Scientists develop a predictive model of the mechanical morphogenesis in the nervous system of Drosophila
A study, led by CSIC researchers at the Institute of Molecular Biology of Barcelona (IBMB-CSIC) in the Barcelona Science Park, analyses the mechanisms regulating the condensation of embryonic nervous system of Drosophila fly, a process that remains largely unknown, and reveals a mathematical model that describes this process in the early stages of development and the cellular mechanisms involved. The work, published in the journal Developmental Cell, establishes principles that could help to understand equivalent events in the human nervous system.
During the development of an organism, organs grow to a very precise shape and size by adding new cells. However, organs do not always form through cell growth and multiplication.
This is the case of the embryonic ventral nerve cord of the Drosophila fly (equivalent to the spinal cord in vertebrates), which does not grow but shortens during the formation of the organism, in a process known as a ‘condensation’.
This process has been analysed in a study led by Enrique Martín Blanco, a researcher at the Institute of Molecular Biology of Barcelona of the Spanish National Research Council (IBMB-CSIC). The team has analysed the mechanics of condensation and has implemented a predictive mathematical model of the cellular mechanisms involved during brain development of fly Drosophila.
The work, published in the journal Developmental Cell, involved researchers from the IBMB-CSIC Institute at the Barcelona Science Park (PCB), the UPC, the UB, IBEC and the Mechanobiology Institute of Singapore. The results may help to understand similar processes, such as those, that can occur in the formation of the human brain.
A model that can predict possible alterations
“When fly embryo grows, its ventral nerve cord is packed in phases, becoming condensed”, explains Enrique Martin Blanco, from IBMB-CSIC. But this shortening does not occur continuously but in phases which happen more or less quickly, resulting in “an oscillatory movement that we compare to an accordion”.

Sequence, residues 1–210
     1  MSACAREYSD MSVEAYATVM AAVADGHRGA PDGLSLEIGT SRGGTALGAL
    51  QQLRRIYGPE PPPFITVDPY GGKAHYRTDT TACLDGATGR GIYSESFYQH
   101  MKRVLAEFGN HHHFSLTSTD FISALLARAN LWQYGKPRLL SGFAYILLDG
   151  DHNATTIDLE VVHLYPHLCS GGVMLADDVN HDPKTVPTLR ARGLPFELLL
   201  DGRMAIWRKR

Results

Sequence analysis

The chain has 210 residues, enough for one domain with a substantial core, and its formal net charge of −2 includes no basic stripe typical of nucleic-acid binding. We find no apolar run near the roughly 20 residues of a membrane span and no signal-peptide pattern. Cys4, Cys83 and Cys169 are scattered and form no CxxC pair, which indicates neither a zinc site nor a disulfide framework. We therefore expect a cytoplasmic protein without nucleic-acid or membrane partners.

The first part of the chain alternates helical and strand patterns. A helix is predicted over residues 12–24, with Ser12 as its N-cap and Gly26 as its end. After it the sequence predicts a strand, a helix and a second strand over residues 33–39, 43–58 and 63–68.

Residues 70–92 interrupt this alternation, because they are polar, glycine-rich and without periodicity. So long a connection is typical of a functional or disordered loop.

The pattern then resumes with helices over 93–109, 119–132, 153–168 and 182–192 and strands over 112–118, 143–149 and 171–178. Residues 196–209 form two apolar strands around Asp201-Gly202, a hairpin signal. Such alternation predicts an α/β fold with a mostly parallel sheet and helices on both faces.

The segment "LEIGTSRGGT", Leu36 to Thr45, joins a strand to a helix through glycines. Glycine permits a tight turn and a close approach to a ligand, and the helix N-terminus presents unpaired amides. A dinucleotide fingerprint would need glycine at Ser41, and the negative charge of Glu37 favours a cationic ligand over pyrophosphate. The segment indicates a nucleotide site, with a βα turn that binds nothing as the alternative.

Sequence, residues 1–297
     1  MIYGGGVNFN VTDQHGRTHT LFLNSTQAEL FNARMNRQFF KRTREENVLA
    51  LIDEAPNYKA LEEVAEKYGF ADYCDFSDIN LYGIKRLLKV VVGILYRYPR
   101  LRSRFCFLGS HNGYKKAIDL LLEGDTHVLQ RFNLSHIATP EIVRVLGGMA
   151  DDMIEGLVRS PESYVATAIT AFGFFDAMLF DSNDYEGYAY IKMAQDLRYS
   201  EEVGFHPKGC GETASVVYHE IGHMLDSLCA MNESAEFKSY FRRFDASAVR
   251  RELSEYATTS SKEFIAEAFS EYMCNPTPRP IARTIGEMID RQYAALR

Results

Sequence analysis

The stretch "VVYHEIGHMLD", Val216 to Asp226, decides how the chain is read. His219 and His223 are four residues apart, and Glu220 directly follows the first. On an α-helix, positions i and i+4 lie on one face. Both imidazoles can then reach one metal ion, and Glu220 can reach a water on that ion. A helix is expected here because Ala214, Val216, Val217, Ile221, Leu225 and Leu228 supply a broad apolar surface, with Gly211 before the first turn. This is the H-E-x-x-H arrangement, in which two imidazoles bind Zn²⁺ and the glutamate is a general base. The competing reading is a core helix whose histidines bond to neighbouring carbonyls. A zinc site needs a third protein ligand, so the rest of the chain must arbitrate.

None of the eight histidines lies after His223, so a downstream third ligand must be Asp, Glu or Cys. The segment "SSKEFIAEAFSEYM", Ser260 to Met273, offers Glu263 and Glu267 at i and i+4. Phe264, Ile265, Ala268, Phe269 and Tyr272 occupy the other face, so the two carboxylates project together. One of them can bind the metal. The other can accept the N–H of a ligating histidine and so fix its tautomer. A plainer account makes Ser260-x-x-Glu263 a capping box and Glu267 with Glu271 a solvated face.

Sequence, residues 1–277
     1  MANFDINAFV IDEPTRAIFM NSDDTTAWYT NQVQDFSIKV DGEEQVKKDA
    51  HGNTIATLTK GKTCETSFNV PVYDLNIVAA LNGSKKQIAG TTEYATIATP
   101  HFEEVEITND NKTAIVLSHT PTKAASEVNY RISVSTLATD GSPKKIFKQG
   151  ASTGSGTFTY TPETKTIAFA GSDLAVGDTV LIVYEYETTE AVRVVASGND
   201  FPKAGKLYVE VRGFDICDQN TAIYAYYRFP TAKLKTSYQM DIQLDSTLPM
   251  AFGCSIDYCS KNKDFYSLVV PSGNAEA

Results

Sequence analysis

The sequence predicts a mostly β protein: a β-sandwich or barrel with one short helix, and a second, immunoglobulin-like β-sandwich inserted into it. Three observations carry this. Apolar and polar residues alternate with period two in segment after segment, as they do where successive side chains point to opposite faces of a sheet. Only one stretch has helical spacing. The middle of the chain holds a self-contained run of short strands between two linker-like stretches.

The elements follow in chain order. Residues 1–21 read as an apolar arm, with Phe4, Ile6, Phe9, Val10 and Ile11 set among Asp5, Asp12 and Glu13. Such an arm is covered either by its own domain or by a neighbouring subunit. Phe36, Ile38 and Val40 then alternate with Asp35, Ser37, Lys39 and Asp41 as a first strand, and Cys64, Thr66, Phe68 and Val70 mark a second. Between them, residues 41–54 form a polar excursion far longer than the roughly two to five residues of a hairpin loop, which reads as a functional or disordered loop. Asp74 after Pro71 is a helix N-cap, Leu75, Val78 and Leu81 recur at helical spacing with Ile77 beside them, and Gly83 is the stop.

The condensation of the ventral nerve cord, as Martín Blanco explains, responds to the coordination of the contractile activity of different cells that form it, neurons and glia. And these oscillations depend on the mechanical properties of the cells that form the tissue, such as viscosity and elasticity. IBMB-CSIC researcher Katerina Karkali, first author of the paper, explains: “Our model explains this oscillatory movement as a function of the mechanical properties of the tissue, and allows us to predict possible alterations.
The work describes the whole process and presents a computational model that provides important predictions about cell behaviour in oscillatory morphogenetic processes.
The researchers hope this study will pave the way for understanding similar processes in the development of the human central nervous system, “a highly complex and orchestrated process that establishes a structural framework for cognition, behaviour and emotion”.
» Reference article: “Condensation of the Drosophila Nerve Cord is Oscillatory and depends on Coordinated Mechanical Interactions”. Katerina Karkali, Prabhat Tiwari, Anand Singh, Sham Tlili, Ignasi Jorba, Daniel Navajas, José J. Muñoz, Timothy E. Saunders and Enrique Martin-Blanco Developmental Cell – Volume 57, Issue 7, 11 April 2022, Pages 867-882.e5. DOI: https://doi.org/10.1016/j.devcel.2022.03.007